'Equal dignity' or 'publicity stunt' for Florida
TALLAHASSEE, Fla. – The last two years, in particular, have seen gay-rights groups secure victory after victory in the drive for what supporters call "marriage equality." President Barack Obama endorsed the idea of gay marriage in 2012, and a succession of Democratic politicians quickly did the same.
State after state has also followed suit, with the number of states where gay marriage is allowed or has been approved by the courts jumping from 12 to 17 since the U.S. Supreme Court decision overturning the federal "Defense of Marriage Act" on the basis that it violated due-process rights. Among those states are Utah and Oklahoma, states not exactly known for unchecked liberalism.
The legal fight has now moved to Florida, with six gay couples challenging Florida's ban on same-sex marriage in state court, saying the prohibition violates U.S. Constitution protections against discrimination and denies them "equal dignity and respect."
The six couples and the Equality Florida Institute filed the lawsuit Tuesday against Miami-Dade Clerk of Courts Harvey Ruvin, four days after his office refused to grant them marriage licenses.
Florida is one of more than two-dozen states with amendments in the state constitution that ban same-sex marriage, and the lawsuit filed Tuesday is one of 40 throughout the country.
The suit could set up a Florida Supreme Court showdown over the "Florida Marriage Protection" constitutional amendment approved by nearly 62 percent of voters five years ago. At least, arguments before the seven justices --- several of whom are more left-leaning than legislative leaders --- are what plaintiffs' lawyer Elizabeth Schwartz said she was hoping for.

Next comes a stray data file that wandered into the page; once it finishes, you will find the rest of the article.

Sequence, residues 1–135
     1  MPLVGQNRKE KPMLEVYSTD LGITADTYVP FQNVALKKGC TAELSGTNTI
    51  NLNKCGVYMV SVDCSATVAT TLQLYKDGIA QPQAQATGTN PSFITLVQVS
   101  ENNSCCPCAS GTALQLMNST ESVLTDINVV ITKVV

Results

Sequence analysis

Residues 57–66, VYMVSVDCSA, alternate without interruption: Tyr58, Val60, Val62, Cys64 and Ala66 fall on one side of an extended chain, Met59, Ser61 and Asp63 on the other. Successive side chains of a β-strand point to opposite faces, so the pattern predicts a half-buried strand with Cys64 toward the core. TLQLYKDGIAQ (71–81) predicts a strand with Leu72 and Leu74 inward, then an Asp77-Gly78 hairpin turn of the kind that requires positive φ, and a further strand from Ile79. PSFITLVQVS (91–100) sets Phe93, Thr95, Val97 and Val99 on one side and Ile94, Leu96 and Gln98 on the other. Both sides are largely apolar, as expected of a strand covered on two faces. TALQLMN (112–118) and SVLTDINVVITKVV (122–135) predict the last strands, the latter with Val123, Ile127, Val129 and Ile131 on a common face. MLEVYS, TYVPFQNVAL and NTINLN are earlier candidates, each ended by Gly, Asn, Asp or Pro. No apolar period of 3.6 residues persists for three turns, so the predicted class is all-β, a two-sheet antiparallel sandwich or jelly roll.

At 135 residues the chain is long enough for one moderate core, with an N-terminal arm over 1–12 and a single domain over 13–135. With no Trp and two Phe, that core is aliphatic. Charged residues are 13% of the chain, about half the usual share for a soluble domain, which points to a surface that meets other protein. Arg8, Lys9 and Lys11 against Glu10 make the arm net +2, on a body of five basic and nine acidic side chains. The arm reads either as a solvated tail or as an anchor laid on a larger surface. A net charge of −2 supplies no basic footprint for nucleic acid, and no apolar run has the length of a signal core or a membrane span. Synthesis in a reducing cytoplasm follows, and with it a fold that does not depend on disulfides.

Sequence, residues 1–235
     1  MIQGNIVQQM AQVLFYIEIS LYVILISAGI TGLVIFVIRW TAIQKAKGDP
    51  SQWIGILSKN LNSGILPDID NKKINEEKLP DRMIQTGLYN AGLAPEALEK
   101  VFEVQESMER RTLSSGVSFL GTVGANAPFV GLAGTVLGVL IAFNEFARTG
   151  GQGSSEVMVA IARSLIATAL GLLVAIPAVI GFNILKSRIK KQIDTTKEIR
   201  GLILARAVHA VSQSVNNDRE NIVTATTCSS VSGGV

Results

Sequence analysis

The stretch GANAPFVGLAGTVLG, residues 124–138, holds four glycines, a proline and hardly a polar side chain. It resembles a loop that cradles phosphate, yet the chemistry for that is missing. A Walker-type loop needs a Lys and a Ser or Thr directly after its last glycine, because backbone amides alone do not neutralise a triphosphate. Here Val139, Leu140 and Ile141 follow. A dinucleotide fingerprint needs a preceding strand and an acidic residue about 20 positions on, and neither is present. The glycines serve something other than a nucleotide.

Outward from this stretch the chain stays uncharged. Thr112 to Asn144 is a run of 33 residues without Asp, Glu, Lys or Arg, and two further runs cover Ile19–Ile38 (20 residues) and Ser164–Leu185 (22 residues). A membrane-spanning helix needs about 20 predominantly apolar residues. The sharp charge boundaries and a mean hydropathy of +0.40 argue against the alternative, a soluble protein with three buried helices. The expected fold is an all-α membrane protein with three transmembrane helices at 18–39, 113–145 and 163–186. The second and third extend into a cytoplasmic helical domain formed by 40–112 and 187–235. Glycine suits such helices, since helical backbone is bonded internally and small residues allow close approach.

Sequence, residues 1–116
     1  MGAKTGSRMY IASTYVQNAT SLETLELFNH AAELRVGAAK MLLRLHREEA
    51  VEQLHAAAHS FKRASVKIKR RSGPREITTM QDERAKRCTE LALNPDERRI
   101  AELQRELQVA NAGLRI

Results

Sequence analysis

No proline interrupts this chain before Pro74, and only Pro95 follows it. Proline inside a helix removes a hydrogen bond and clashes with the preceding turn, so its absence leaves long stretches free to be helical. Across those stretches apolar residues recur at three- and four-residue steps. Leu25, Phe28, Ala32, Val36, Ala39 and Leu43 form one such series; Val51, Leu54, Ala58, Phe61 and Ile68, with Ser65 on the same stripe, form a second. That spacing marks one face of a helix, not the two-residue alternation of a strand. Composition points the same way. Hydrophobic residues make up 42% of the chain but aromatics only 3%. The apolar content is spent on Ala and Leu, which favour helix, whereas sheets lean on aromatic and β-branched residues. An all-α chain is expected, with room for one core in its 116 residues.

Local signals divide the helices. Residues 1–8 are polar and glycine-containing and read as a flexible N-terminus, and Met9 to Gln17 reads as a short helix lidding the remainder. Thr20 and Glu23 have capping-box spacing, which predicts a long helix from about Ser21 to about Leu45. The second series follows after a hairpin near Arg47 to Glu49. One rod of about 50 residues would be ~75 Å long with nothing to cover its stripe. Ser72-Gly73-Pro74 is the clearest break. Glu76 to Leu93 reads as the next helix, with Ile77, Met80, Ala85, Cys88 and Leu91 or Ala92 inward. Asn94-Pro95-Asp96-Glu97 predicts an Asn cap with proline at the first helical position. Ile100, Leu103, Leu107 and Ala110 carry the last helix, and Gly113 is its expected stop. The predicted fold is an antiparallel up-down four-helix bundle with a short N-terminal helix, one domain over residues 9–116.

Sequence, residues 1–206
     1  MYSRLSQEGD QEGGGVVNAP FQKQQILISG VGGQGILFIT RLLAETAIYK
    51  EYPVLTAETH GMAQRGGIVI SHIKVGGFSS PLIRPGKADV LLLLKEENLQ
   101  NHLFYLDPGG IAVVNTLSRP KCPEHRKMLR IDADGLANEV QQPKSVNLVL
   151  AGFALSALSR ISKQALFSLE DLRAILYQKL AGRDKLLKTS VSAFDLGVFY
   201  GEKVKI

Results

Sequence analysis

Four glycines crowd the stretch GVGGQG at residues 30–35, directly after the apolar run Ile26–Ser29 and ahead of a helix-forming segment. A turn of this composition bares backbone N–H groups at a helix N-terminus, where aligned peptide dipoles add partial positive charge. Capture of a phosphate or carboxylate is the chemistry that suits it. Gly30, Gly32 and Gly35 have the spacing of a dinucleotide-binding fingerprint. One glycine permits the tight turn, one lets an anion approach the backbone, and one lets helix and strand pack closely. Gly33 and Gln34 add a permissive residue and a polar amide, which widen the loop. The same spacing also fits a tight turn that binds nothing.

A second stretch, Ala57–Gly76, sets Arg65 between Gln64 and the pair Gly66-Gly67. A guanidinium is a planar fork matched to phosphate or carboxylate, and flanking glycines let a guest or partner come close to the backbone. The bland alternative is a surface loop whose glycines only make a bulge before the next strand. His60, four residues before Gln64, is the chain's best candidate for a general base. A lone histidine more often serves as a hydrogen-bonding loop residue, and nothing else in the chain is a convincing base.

"We decided that the time has come. Let's bring it here and let's give the judges the same opportunity," Schwartz said.
Social conservatives pushed back. John Stemberger, president of the Florida Family Policy Council and author of the constitutional amendment banning gay marriage, called the lawsuit "a publicity stunt" timed to coincide with the onset of the legislative session, which begins in March.
"To me they're constantly trying to create political momentum just by asserting things that are not true. This would be another kind of political momentum stunt as we go into the legislative session," Stemberger said.
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